Monotheism and the sanctification of the trivial
The Power of Logic
The presupposition of the talmudic approach to life is that order is better than chaos, reflection than whim, decision than accident, ratiocination (mental activity) and rationality than witlessness and force. The only admissible force is the power of fine logic, ever refined against the gross matter of daily living. The sole purpose is so to construct the discipline of everyday life and to pattern the relationships among men that all things are intelligible, well‑regulated, trustworthy and sanctified.
The Talmud stands for the perfect intellectualization of life, that is, the subjection of life to rational study. For nothing is so trivial as to be unrelated to some conceptual, abstract principle. If the placing of a napkin or the washing of the hands is subject to critical analysis, what can be remote from the Talmud's rigorous inquiry? But the mode of inquiry is not man's alone. Man is made in God's image. And that part of man which is like God is not corporeal. It is the thing which separates man from beast: the mind, consciousness. When man uses his mind, he is acting like God. That surely is a conviction uncharacteristic of modern intellectuals, yet at the heart of Talmudic intellectuality.
The Talmud's conception of us is obvious: We think, therefore we and what we do are worth taking seriously. We will respond to reason and subject ourselves to discipline founded upon criticism. Our response will consist in self‑consciousness about all we do, think, and say. To be sure, man is dual, we are twin‑things, ready to do evil and ready to do good. The readiness is not all, though some now think so. Beyond readiness there is mindfulness.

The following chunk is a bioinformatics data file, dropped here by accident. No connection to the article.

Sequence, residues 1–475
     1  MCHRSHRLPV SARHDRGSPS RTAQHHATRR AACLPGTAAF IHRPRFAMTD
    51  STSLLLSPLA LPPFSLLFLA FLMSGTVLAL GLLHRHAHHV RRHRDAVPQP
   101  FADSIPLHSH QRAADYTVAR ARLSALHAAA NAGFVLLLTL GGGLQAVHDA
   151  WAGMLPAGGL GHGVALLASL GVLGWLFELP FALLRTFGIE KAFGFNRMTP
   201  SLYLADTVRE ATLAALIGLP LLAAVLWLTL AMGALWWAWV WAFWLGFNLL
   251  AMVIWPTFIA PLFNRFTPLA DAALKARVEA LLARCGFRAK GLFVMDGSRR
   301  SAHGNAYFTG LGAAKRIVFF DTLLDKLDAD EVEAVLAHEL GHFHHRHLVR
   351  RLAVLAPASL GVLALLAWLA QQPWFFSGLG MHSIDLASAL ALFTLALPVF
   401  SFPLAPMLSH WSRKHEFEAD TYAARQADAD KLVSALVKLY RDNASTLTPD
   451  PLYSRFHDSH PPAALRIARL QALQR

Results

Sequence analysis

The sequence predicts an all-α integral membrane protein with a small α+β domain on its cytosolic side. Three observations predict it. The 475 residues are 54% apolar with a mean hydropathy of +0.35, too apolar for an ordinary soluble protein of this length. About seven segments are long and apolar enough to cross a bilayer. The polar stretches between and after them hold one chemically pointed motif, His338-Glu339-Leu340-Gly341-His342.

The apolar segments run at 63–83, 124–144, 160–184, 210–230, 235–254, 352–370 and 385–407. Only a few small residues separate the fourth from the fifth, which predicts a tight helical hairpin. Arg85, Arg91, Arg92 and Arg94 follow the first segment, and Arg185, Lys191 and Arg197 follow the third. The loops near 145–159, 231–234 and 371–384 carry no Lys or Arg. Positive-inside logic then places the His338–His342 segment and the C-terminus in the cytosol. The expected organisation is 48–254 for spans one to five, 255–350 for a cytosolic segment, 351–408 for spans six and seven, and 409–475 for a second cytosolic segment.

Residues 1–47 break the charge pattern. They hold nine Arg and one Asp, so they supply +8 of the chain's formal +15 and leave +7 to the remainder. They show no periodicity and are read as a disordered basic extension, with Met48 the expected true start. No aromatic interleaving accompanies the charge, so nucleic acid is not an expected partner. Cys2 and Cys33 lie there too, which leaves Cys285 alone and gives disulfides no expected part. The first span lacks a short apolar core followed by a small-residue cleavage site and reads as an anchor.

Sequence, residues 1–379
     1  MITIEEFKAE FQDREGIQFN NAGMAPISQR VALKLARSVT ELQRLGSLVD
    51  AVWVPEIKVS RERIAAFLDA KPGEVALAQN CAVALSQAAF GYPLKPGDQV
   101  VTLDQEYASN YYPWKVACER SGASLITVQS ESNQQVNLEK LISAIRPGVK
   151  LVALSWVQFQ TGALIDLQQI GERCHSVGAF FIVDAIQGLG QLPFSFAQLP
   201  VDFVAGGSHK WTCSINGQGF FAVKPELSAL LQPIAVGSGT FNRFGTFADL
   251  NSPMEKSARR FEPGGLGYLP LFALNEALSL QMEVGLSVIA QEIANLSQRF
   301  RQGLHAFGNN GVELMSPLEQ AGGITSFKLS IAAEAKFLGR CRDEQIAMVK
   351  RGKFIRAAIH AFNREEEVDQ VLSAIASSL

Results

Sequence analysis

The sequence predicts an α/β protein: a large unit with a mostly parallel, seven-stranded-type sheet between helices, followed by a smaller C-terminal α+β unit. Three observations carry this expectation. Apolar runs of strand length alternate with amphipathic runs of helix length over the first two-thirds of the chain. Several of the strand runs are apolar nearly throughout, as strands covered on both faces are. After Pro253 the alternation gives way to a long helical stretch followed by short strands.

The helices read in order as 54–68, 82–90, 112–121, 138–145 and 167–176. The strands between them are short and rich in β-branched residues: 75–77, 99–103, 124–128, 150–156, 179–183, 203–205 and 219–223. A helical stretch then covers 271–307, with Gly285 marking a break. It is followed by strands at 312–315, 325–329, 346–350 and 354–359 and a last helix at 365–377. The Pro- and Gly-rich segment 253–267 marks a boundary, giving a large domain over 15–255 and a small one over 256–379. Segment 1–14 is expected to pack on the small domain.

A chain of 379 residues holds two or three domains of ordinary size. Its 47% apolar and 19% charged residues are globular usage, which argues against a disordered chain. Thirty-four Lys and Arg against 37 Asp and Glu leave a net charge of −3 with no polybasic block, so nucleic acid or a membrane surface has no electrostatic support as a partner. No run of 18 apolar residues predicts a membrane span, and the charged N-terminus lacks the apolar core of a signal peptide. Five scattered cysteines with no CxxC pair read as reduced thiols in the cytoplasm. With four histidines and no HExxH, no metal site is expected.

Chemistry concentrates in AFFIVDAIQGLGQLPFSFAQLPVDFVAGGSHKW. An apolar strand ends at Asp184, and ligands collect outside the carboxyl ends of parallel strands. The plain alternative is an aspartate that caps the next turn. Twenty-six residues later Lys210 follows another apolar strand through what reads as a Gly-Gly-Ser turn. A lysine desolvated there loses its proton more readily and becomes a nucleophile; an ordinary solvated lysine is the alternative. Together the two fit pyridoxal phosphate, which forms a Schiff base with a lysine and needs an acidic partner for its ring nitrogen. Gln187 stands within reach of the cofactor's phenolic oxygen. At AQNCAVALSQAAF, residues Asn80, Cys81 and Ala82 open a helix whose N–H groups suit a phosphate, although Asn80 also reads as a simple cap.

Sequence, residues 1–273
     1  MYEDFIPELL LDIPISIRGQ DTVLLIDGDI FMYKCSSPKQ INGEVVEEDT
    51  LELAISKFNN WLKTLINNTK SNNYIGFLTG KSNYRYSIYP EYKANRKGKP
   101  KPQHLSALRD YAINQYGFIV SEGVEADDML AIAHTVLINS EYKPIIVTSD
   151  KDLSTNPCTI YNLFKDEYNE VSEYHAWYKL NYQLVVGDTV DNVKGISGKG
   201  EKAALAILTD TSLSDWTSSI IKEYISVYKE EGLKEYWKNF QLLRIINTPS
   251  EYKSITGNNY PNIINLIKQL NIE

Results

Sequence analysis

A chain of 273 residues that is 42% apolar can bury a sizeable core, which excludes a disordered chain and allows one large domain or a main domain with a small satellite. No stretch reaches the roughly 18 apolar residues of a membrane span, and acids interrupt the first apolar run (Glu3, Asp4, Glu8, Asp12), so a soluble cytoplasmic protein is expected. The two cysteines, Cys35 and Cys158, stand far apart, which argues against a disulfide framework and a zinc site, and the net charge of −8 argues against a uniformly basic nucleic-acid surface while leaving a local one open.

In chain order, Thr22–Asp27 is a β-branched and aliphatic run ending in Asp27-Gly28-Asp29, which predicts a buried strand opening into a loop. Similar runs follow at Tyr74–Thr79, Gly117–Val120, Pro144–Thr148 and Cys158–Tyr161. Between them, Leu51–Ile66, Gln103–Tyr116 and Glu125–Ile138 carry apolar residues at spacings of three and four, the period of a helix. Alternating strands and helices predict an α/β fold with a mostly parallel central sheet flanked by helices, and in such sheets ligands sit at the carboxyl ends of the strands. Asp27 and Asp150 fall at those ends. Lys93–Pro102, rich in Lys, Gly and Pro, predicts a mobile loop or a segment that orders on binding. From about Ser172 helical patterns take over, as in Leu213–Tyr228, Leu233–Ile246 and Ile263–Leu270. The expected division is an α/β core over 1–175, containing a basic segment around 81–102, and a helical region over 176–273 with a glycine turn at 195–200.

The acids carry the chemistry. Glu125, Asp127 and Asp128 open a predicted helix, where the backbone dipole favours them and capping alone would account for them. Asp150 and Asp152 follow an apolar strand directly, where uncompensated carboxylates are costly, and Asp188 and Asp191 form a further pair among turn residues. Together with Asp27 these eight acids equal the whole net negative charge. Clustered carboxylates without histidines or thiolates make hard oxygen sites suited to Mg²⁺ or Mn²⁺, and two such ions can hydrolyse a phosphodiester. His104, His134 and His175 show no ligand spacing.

As the talmudic warning about not interrupting one's study even to admire a tree‑-that is, nature‑-makes clear, man cannot afford even for one instant to break off from consciousness, to open ourselves to what appears then to be "natural"; to be mindless is to lose touch with revealed order and revealed law, the luminous disciplines of the sacred.
Etiquette & Social Order
Nor is the ultimate issue of man solely ethical; it is holiness. To be sure, one must do the good, but Torah encompasses more than ethical behavior. The good is more than the moral; it is also the well‑regulated conduct of matters to which morality is impertinent.
The whole man, private and public, is to be disciplined…
Other examples of the Talmud (besides those concerning how to conduct a meal, referred to here) would have laid greater stress on different aspects of behavior and belief; monumental discussions of civil obligations, torts and damages, for example, might well have been cited. But these would have produced a picture not much different, except in substance, from the one yielded by the Talmud's investigations into how a meal is conducted.
For no limits are set to the methods of exploring reason and searching for order. Social order with its concomitant ethical concern is no more important than the psychic order of the individual, with its full articulation in the "ritual" life. All reality comes under the discipline of the critical intellect, all is capable of sanctification.
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